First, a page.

I’ll put up the links to what’s in The Mag a little bit later, but I found this while rifling through my inbox so thought I’d put up the easier post first. Hilary Mantel fans, enjoy!
‘Who’s interested in what’s easy?’
DP: You’ve written short stories, memoirs and novels. Is there something in particular that made you interested in tackling historical fiction? Did you enjoy the research process?
HILARY MANTEL: Looking back, I think that writing my memoir was a kind of training ground for future novels, and something that was good for me as a writer. There are people who insist that almost all your memories of childhood are later reconstructions,but what I found when writing my memoir was that my childhood rose before me as an utter sensory wraparound, so that I was able to inhabit my past, and my work was to simply describe it. When you write fiction, the object is to achieve that on behalf of a character that you’ve invented or a person who is dead. I don’t think I’ve ever managed to do it as successfully, in fiction, as I have in Wolf Hall.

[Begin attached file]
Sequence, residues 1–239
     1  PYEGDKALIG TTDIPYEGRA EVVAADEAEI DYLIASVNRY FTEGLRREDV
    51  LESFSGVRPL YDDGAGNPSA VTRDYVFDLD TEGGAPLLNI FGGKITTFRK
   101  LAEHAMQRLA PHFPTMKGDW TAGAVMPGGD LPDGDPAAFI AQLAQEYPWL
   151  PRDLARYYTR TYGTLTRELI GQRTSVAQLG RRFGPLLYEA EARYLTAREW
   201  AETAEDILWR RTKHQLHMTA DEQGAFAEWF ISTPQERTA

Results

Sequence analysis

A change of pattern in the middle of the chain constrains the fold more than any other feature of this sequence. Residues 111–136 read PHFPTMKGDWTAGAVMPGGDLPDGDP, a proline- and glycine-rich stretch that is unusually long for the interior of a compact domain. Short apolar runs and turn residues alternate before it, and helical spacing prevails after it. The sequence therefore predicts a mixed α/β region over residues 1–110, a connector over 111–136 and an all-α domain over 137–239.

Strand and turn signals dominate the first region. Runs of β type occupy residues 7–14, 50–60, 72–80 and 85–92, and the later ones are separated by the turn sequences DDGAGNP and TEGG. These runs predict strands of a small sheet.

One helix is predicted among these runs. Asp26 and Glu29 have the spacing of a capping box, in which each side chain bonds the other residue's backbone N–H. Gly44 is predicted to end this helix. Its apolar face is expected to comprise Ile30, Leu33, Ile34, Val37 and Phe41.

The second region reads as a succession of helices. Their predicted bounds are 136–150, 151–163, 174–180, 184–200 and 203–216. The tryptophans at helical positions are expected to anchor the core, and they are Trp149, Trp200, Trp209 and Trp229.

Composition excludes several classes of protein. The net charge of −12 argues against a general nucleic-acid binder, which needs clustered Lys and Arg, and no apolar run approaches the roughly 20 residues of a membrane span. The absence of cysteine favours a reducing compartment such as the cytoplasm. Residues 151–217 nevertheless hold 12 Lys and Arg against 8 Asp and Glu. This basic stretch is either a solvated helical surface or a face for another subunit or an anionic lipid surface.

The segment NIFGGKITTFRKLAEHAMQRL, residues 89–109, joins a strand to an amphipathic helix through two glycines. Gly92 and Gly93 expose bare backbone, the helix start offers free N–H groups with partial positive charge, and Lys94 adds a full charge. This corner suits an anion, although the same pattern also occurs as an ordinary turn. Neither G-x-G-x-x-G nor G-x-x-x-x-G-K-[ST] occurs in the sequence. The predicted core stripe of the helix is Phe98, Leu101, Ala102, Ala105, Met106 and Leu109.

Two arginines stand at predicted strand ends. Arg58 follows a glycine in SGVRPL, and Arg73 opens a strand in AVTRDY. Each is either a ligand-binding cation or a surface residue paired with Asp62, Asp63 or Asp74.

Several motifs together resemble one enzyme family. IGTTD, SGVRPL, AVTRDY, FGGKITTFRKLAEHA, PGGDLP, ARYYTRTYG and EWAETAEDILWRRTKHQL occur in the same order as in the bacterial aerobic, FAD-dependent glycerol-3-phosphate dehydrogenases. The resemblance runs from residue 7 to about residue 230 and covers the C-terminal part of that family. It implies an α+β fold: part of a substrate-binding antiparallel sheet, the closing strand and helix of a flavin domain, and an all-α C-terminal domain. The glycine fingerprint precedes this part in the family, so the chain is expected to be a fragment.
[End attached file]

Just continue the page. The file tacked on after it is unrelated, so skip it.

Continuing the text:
What I also found when writing Giving Up the Ghost was that whilst I could capture the entirety of my childhood experiences, I often couldn’t tell the reader why things happened, or how the event I was describing linked to another, and I think I carried this discovery into Wolf Hall. When Cromwell remembers an incident from his childhood – for example, he recalls plunging the head of another boy into a butt of water – he has no idea why he did it, and I knew from my own experience that these gaps and holes are part of the texture of memory. In this book I was determined to reproduce a life from the inside. I thought, ‘Let us try to see a man in his full complexity. Even if there are bits that he himself doesn’t understand and can’t add up, let me still include them.